Monday, December 18, 2006

Literary corner

Forty four years after the world came close to nuclear oblivion, a new book on the former Soviet strongman Nikita Khrushchev has shed new light on what was to become known as the Cuban Missile Crisis.

Titled Khrushchev’s Cold War, the book is written by Aleksandr Fursenko, a Russian academic, and Timothy Naftali, the newly appointed director of the Nixon presidential library in California.

According to this review in The New York Times yesterday, the authors argue that the decision to place nuclear missiles on Cuban soil at the height of the Cold War may not have had much to do with Khrushchev wanting to protect Fidel Castro.

Instead, the Soviet leader may have wanted to get the attention of President John F Kennedy – and effectively bluff the US on to the negotiating table.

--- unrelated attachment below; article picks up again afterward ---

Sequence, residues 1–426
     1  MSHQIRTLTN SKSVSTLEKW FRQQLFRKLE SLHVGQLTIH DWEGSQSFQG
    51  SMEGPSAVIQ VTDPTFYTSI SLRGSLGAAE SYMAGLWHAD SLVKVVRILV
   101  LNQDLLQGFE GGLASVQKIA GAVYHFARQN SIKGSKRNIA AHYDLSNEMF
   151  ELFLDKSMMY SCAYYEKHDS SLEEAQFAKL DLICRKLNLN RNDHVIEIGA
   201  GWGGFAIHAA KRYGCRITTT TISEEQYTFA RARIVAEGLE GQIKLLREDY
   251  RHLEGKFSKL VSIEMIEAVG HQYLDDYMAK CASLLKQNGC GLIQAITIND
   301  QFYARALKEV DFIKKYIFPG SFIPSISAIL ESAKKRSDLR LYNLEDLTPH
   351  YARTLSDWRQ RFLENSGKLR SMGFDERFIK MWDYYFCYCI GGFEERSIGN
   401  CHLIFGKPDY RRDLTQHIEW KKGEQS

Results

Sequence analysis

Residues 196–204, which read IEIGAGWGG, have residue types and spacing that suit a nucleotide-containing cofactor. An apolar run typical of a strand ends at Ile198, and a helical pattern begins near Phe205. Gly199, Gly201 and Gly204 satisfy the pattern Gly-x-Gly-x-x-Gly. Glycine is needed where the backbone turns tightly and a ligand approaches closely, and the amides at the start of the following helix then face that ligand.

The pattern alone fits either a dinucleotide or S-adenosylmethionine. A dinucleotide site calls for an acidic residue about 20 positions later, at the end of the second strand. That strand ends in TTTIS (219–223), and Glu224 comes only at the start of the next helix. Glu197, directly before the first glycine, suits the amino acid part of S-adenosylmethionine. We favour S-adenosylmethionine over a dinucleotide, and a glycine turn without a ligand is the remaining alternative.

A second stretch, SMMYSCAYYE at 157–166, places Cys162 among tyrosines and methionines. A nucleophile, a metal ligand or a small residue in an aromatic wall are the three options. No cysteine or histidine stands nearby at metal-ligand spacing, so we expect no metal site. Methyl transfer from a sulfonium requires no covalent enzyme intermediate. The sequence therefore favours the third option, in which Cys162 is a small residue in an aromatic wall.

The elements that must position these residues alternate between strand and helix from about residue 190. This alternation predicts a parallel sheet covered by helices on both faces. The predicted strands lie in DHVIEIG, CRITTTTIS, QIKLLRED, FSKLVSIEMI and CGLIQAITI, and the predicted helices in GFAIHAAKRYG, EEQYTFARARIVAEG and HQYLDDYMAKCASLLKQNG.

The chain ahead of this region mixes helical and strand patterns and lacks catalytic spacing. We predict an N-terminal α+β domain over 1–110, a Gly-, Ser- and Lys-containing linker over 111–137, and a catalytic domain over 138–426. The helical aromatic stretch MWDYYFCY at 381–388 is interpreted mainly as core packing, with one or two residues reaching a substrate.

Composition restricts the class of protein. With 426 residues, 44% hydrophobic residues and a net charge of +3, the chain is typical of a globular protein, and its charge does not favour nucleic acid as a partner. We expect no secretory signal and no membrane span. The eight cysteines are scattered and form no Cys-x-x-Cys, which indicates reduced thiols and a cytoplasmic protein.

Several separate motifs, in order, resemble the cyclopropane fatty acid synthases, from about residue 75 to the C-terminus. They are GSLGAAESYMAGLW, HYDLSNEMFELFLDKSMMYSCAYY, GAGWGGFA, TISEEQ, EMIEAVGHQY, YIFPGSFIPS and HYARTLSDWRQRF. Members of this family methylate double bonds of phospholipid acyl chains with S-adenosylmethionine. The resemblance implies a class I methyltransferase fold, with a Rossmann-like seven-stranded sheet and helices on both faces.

By positioning missiles so close to key American cities, Khrushchev apparently hoped to intimidate Kennedy into negotiating with Moscow as an equal.

“It seemed a quick, cheap way to gain American respect, which Khrushchev desperately craved,” the authors argue.

Even after backing down and agreeing to remove the missiles from Cuba, Khrushchev is said to have "found solace in the fact that Washington had taken him seriously, vowing not to invade Cuba in exchange for a Soviet promise to withdraw the missiles".

Nearly half a century later, both Kennedy and Khrushchev are long dead. The third man in the drama is on his deathbed in Havana. And well over a million Cubans are living in exile. Still.

KHRUSHCHEV’S COLD WAR: The Inside Story of an American Adversary.
By Aleksandr Fursenko and Timothy Naftali. Publisher: W. Norton & Company.


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